6. Anything practical to invest in

Don't buy an otoscope/opthalmoscope/anything besides stethoscope. Many books can be borrowed at my institution. Regardless of institution, you probably will be able to get online versions instead of buying. Keep a budget and read White Coat Investor.

7. Any general advice

People will have a leg up in the basic science classes based on their major at the onset of classes, but the difference due to prior exposure rapidly disappears after ~1 semester.

Good luck kiddo, enjoy the ride.
 
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deleted1005514

Don't buy UpToDate...your school will most likely provide it for you, along with many if not all of the textbooks.

I agree with the advice about basic equipment, except if your school requires you to have it first year for doctoring class. Our school does and we get a discount package deal during orientation.
 
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7331poas

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I actually advocated for pre-studying before. Now I cannot emphasize enough, pre-studying wont help you whatsoever now that step 1 is P/F.

My recommendation is you do absolutely nothing until you start school. Maybe look into clinical research if you are gunning for something competitive.
 
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ismyexistenceamemeyet

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@Domepiece Thank you for your thorough and very thoughtful reply! I’ll take a look at the books you suggested, and I’ll ride out the first semester to see what works for me. Also a huge thanks for your insight on research; it’s a little daunting having not done it before, but viewing myself as a “blank canvas” definitely reframes my perspective. I’m not sure if I have any great undergrad studying tactics, since I pretty much relied on memorization and test-taking strategies. Of course, I’ll carry the test-taking strategies with me, but I struggled with long-term retention, which I’ll need going forward. Maybe Anki will help here, but again, will try it out.
 
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ismyexistenceamemeyet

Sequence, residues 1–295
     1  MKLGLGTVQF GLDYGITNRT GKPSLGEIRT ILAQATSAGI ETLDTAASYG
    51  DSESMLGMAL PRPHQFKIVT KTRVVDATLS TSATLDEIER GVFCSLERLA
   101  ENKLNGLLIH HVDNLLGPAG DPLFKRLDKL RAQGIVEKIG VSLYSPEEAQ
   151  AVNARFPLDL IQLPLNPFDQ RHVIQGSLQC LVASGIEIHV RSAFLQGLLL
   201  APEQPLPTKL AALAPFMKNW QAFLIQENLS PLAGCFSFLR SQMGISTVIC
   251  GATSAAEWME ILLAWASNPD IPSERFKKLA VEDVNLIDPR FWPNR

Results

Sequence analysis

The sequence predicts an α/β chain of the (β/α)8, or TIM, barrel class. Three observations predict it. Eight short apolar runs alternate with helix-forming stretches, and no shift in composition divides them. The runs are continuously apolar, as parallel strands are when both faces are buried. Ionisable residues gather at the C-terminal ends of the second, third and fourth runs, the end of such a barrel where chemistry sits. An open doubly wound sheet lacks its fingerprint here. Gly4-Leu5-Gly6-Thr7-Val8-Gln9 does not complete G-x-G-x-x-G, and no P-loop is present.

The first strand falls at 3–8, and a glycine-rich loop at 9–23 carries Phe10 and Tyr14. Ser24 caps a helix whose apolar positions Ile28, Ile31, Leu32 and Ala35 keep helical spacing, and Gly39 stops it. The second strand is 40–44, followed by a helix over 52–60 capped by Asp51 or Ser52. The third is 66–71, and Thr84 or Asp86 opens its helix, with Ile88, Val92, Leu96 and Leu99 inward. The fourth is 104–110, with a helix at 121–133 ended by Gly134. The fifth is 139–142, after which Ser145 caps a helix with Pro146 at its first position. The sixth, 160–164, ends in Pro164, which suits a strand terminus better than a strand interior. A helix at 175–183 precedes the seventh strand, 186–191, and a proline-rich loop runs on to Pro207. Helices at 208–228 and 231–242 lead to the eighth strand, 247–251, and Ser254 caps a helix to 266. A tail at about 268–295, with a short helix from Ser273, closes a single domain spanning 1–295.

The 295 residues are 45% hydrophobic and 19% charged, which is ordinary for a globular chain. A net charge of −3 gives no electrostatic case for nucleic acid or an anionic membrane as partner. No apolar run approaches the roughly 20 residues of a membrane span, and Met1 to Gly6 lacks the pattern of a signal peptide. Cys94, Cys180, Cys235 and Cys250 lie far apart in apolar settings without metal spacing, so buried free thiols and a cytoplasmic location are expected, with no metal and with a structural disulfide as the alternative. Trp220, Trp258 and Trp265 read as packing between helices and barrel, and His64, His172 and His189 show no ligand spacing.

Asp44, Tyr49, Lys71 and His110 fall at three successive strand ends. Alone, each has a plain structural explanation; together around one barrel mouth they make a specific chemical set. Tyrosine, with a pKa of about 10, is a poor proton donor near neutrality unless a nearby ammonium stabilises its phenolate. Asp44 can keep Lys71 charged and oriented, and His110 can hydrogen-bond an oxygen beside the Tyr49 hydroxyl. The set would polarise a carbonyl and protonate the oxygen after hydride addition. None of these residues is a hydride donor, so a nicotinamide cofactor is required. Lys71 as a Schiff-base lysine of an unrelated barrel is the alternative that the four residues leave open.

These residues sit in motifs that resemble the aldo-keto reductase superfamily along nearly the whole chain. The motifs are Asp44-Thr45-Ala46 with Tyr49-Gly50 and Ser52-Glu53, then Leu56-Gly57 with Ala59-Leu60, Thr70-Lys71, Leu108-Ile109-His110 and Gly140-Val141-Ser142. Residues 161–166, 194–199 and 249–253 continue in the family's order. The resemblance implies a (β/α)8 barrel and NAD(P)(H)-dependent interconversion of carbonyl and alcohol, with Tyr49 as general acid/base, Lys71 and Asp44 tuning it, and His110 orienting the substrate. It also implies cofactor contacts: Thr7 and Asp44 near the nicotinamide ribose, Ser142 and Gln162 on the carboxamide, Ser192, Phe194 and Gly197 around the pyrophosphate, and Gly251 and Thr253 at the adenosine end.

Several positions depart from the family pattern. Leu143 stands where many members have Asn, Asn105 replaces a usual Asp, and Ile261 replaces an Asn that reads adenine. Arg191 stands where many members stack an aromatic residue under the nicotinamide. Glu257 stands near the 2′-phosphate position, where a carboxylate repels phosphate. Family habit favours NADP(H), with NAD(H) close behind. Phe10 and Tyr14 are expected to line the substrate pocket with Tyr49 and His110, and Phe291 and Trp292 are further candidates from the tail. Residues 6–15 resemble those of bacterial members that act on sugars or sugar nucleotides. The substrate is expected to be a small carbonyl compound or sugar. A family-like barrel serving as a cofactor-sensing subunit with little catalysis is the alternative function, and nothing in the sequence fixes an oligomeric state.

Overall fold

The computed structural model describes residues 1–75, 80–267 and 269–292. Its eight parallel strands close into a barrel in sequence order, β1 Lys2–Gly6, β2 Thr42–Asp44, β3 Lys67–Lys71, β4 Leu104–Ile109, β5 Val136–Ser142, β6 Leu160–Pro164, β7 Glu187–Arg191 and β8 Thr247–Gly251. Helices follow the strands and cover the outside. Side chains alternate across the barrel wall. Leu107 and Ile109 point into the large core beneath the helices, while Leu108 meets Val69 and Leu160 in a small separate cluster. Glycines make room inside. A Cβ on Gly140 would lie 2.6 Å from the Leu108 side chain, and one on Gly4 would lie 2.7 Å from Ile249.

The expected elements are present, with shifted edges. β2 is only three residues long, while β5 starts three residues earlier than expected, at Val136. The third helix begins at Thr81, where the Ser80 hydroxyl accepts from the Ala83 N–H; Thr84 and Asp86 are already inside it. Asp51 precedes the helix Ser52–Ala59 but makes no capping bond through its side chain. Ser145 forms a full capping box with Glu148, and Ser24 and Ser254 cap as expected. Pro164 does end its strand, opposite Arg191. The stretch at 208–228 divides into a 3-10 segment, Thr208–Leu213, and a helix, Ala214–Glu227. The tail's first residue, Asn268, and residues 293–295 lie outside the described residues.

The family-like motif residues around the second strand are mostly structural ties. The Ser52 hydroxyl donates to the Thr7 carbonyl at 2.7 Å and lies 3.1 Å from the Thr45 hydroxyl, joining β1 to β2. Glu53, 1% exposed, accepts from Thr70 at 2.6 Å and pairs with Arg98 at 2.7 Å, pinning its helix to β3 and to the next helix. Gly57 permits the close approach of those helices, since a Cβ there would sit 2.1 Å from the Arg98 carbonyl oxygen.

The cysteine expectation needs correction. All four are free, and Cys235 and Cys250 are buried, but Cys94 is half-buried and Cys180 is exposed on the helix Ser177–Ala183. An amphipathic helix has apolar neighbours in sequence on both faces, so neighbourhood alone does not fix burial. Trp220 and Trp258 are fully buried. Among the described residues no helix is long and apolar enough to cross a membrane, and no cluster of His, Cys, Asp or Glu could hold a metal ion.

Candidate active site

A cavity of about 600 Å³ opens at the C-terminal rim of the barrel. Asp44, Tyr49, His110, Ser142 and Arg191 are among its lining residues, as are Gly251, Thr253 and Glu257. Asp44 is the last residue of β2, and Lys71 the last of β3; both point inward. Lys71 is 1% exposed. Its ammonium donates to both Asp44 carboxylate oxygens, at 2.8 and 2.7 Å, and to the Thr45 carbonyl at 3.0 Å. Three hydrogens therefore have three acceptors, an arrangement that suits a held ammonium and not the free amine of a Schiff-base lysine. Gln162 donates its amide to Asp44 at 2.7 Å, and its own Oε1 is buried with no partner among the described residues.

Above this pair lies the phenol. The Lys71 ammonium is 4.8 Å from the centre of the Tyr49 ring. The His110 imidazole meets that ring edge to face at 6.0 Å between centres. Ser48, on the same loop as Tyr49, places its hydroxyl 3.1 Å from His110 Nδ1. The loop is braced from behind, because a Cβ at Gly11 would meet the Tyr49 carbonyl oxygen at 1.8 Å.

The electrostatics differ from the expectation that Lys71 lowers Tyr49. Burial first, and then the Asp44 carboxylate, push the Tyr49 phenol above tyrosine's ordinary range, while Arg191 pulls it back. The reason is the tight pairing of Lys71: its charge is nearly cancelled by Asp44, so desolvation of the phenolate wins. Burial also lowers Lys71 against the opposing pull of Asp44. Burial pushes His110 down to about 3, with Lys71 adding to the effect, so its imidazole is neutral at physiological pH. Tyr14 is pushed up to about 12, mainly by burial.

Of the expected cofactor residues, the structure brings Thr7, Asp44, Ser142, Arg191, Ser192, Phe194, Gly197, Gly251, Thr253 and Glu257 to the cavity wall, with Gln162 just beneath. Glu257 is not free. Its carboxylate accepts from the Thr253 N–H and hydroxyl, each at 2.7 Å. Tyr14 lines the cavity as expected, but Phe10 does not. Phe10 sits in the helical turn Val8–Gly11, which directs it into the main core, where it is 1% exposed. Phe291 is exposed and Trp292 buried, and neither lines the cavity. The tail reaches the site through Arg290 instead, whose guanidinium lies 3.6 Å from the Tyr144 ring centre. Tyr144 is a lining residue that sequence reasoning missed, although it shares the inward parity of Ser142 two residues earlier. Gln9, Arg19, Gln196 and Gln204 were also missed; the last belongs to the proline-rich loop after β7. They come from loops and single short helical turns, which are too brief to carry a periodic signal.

resident goofball
Feb 14, 2020
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Don't buy UpToDate...your school will most likely provide it for you, along with many if not all of the textbooks.

I agree with the advice about basic equipment, except if your school requires you to have it first year for doctoring class. Our school does and we get a discount package deal during orientation.
Yes, I’m fairly sure we have institutional access for UpToDate and the prior classes tend to be very forthcoming with textbooks/PDFs/online resources, so should be good on that front. Is there a specific time when UpToDate becomes particularly useful? My school starts us out with clinical/hospital practicums in the second half of MS1, so...
 
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deleted1005514

Yes, I’m fairly sure we have institutional access for UpToDate and the prior classes tend to be very forthcoming with textbooks/PDFs/online resources, so should be good on that front. Is there a specific time when UpToDate becomes particularly useful? My school starts us out with clinical/hospital practicums in the second half of MS1, so...

This would be very school specific. I would defer to your upper classmen for advice.
 
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ismyexistenceamemeyet

resident goofball
Feb 14, 2020
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  1. Medical Student
I actually advocated for pre-studying before. Now I cannot emphasize enough, pre-studying wont help you whatsoever now that step 1 is P/F.

My recommendation is you do absolutely nothing until you start school. Maybe look into clinical research if you are gunning for something competitive.
Phew, think I’m good here. Promised myself not to pre-study anything. So far, I haven’t planned on anything too competitive.
 

Matthew9Thirtyfive

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Yes, I’m fairly sure we have institutional access for UpToDate and the prior classes tend to be very forthcoming with textbooks/PDFs/online resources, so should be good on that front. Is there a specific time when UpToDate becomes particularly useful? My school starts us out with clinical/hospital practicums in the second half of MS1, so...

It’s been very useful for me. We do clinical reasoning sessions every module, and uptodate is clutch.